*Mention of British Rule has historical connotation and just that.  


Tiger By Teerath Singh


The Legacy 

The destruction of amount of natural land especially the forests has been appalling in the country. All that is left are small pockets with limited capabilities they are just larger than zoos.  The harbinger of rights are going to be the next big cause of demise of the striped hunter if an idiotic legislation is passed transacting our protected areas. I believe the forest rights bill could be it albeit I have not gone through. The status is so depleted that there is no room even for rectifying historical injustice as portrayed.      

Populist measures are an interplay of democracy... its the vote bank... we will have to teach tigers to vote.  Or lets vote on behalf of tigers for those who actually care for our environment holistically and preserve in practice.  

The Chinese threat looms large... I mean the medicine mongers here. Will we be able to save our tigers? Well the rise in numbers is encouraging but than euphoria dies down as it did during the Project Tiger period. The numbers of big cats is critically low and they need larger protected areas devoid of human settlements and totally inviolate. All the sanctuaries should be vacated with full compensation, well protected and ecosystems regenerated. This should happen in the field and not just on papers.      

Anyway opening up of buffer zone for tourism in Bandhavgarh and Kanha will open up this area. More people will be able to go for tiger safari.This will also mean greater attention to these neglected ecosystem  


A Kill in Making

Leopard Safari at Kanha National Park 

It was one of those days when you have a tough time deciphering calls. We were on a tiger safari in the Sarhi Zone whence we reached the Saunf Meadow. We had just crossed over the Siliyari Waterbody and were moving further. At the Saunf meadow we encountered frantic calls of the langur.   

The monkey was up on the tree facing towards the road to Sarhi. The calls continued for a very long time aided by other langurs now and them. But we could see and hear nothing...the alarm was strong and continuous.  We waited in expectation for a long time looked all over near and far but no big cat was in sight.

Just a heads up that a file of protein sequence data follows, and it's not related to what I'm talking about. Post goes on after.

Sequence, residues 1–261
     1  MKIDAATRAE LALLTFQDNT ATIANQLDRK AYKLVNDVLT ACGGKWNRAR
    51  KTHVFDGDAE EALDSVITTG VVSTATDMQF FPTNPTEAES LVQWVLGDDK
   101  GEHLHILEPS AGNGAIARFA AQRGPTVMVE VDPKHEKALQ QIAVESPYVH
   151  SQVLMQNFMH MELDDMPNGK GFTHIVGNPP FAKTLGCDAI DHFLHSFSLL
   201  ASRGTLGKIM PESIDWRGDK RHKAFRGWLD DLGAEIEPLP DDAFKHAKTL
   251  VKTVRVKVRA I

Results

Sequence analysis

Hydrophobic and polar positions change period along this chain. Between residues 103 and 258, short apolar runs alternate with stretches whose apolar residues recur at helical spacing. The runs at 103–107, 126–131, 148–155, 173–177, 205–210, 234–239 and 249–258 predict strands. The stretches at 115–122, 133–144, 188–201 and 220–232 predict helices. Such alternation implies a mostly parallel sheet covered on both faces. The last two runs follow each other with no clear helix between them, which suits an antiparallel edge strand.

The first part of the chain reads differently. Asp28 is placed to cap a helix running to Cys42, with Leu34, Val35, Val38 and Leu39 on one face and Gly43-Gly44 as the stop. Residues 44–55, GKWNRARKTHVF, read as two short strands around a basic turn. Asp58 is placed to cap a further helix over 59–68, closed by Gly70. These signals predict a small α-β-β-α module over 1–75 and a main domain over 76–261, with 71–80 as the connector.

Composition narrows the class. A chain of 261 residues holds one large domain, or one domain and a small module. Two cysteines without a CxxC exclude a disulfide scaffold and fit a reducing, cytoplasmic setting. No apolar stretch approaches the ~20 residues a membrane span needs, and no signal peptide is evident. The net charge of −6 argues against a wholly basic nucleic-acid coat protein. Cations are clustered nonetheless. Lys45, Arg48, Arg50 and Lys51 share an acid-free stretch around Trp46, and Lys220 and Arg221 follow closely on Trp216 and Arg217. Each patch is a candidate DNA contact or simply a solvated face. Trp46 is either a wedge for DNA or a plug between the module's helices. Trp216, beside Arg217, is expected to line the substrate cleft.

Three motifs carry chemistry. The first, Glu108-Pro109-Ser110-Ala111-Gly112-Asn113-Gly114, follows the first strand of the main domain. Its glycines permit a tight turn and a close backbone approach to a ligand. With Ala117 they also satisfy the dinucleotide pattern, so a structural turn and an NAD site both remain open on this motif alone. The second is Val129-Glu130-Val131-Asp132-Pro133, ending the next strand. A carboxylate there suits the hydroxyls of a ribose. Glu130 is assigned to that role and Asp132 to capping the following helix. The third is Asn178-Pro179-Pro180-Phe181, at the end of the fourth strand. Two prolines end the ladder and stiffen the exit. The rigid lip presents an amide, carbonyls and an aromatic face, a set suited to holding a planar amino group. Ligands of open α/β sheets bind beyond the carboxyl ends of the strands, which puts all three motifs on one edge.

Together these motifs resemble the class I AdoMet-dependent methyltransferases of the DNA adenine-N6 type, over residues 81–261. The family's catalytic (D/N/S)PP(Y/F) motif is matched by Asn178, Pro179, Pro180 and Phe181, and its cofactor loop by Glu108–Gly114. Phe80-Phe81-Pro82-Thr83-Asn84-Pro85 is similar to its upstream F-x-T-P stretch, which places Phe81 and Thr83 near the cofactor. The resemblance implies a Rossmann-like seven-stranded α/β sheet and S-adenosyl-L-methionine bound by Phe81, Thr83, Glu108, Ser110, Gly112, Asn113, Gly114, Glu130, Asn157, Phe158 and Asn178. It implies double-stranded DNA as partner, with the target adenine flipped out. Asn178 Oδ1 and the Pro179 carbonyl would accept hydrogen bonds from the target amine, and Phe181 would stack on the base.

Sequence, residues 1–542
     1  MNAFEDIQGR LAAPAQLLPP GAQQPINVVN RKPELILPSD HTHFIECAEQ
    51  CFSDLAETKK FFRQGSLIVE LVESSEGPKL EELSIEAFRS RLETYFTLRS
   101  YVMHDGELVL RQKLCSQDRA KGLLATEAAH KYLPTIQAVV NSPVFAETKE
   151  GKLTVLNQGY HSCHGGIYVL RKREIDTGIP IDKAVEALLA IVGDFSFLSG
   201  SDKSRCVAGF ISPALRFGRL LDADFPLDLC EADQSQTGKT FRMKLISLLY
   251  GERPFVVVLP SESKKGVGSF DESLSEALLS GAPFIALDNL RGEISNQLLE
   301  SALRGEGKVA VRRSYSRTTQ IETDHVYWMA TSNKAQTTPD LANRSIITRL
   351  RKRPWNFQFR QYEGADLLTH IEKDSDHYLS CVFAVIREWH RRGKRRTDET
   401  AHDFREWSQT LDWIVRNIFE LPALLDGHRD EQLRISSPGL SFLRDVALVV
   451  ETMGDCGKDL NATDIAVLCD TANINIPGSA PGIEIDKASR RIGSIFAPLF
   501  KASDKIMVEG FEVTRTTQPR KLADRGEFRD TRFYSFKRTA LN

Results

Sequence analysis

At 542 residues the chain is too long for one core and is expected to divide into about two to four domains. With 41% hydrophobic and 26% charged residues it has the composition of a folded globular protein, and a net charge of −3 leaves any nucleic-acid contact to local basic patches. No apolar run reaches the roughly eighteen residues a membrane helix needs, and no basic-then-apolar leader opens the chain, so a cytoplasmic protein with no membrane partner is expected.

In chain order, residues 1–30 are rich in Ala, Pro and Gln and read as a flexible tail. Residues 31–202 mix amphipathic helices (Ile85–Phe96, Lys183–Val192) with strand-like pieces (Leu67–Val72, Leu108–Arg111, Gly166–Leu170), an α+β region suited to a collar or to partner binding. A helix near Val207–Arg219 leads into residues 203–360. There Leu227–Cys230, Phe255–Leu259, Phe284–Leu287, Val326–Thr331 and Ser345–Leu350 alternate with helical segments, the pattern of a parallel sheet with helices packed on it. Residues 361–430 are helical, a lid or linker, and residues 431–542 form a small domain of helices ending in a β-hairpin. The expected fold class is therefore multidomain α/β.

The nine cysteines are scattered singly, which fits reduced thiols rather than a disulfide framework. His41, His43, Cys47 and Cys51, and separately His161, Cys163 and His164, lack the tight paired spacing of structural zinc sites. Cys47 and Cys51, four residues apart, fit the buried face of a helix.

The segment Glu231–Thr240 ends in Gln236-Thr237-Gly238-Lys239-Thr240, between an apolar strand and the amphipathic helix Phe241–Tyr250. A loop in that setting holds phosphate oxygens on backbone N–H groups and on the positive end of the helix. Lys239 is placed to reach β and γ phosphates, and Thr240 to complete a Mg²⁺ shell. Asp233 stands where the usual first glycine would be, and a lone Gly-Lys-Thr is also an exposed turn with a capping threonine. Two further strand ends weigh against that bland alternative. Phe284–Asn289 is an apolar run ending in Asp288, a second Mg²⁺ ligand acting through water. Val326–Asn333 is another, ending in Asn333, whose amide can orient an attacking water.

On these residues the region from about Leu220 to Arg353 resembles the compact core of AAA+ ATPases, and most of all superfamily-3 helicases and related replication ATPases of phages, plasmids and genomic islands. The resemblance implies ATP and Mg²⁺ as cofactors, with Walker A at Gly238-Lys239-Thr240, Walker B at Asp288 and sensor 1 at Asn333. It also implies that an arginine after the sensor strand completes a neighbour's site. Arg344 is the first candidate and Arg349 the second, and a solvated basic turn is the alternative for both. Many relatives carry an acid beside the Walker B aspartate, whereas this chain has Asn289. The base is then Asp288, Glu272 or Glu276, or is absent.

Normally frantic calls means a moving cat which also means a sure shot sighting. Well almost! The guide had lost all hope and urged us to proceed in order to maintain timings.

"We will return via this road while turning back", I said to the guide. "Worth investigating", he affirmed. So we continued through the magic landscape of  Sarhi Zone inundated by the mesmerizing Sulkum River. 

After and hour or so on the return we slowed down and searched. The calls had ceased, but anyway we were proceeding slowly since the area Saunf Meadow is often visited by the tigers. Two safari jeeps passed us nodding there head in disappointment which meant nothing exciting behind.     

It was going to be a dull day I thought as we continued.

Well not. "Stop," shouted the guide.

Move back he instructed the driver much to the amazement of my foreign guests staying at Courtyard House Kanha. For there sprawled on the rock was a full grown leopard in bright sunlight looking straight at us. WoW!

I looked back to see if the jeeps were still near us but they had sped away on their way. The leopard...shy predator? No way he sat on the rock sprawled like a cool cat. After some time he moved towards the ground and stretched.   

He then sat down majestically and looked at us menacingly disturbed perhaps by our presence at such close quarters. Then much to our surprise he began to move in the grass barely visible at times. It was amazing how the big cat could perfectly camouflage and easily loose itself  amidst the short crop grass.